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Regulatory: Federal Bank Preemption

Congress codifies, overturns Supreme Court decisions.

This column is the third in a series of articles on the coming of the Consumer Financial Protection Bureau and the direction it is likely to take in the regulation of consumer financial products and services.

After the creation of the Consumer Financial Protection Bureau, one of the most talked about changes in Title X of the Dodd-Frank Act is the codification of certain preemption concepts as they are applied to national banks. To properly understand them requires a brief history lesson.

The United States developed a dual banking system. Under what is now the National Bank Act, there is a federal system based on national bank charters, and a state system, based on state charters. Under the National Bank Act (and subject to other laws), a national bank association has the power to do what it needs to do to carry on its banking business.

In 1994, during an era marked by national bank expansion across state lines, Congress clearly set forth its intent to create a zone of freedom from state regulations when it adopted the Riegle-Neal Interstate Banking and Branching Efficiency Act of 1994 (Riegle-Neal). Riegle-Neal set a new preemption standard for national banks in America by providing that national banks were subject to state consumer laws as if they were branches of a state bank except when federal law preempted the application of a state law to a national bank or if the Office of the Comptroller of Currency (OCC) determined that a state law discriminated against national banks. Courts later began holding that Riegle-Neal gave the OCC the authority to enforce state consumer laws even if they were not preempted. Reigle-Neal is historically significant because it opened the door to the possibility of many different state laws applying to national banks.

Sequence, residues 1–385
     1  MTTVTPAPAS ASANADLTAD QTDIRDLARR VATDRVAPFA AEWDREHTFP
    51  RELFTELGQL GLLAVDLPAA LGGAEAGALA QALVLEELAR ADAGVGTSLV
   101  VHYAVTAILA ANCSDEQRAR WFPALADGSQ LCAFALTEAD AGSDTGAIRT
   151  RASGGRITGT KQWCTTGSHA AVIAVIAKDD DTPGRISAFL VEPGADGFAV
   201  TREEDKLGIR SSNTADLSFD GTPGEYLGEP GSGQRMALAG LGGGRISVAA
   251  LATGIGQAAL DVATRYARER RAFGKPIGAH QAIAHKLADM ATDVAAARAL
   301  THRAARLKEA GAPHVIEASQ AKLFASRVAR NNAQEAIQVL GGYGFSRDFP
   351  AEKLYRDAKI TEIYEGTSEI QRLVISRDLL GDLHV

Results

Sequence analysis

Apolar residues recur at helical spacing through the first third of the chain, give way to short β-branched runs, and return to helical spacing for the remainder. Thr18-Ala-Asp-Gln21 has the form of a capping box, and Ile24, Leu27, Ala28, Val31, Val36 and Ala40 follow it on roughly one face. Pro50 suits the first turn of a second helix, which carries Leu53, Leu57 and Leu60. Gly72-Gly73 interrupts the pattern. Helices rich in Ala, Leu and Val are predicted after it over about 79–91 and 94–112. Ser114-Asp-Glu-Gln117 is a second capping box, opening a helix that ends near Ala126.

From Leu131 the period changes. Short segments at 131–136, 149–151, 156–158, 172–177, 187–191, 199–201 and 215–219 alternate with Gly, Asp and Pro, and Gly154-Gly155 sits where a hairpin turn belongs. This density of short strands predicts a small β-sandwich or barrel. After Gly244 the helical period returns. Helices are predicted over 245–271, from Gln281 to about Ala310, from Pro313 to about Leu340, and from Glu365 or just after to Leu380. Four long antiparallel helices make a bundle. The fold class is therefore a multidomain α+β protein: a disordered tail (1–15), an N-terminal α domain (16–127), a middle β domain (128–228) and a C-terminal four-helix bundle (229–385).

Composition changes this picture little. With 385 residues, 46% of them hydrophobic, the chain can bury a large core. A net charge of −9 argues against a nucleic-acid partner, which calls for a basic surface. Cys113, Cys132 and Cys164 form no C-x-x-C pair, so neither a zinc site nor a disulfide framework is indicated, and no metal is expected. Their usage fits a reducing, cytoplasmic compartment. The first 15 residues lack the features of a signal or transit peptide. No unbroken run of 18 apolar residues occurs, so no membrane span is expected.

Against the backdrop of interstate expansion, in 1996, the United States Supreme Court issued a seminal decision in Barnett Bank of Marion County, N.A. v. Nelson. The facts of Barnett Bank are straightforward. At the time, a Florida law proscribed Florida-licensed insurance agents from engaging in certain insurance agency activities where the agent was associated with, among other things, any bank other than one which was not a subsidiary or affiliate of a bank holding company, and was located in a city with a population of less than 5000 people. Barnett Bank, a national bank affiliated with a holding company, bought a Florida licensed insurance agency and, as the National Bank Act permitted, intended to sell insurance through one of its branches in a town with a population under 5,000 people. Florida’s Insurance Commissioner ordered Barnett to stop selling the insurance at the branch because it was prohibited under the state statute. Barnett subsequently filed suit, arguing that the National Bank Act preempted Florida’s statute. 

The United States Supreme Court sided with Barnett Bank, holding that “Congress would not want states to forbid, or impair significantly, the exercise of power that Congress explicitly granted.” The Court went on to say that states could regulate national banks when “doing so does not prevent or significantly interfere with the national bank’s exercise of its powers;” so called “conflict preemption.” In the wake of the Barnett Bank decision, lower courts routinely found state statutes preempted.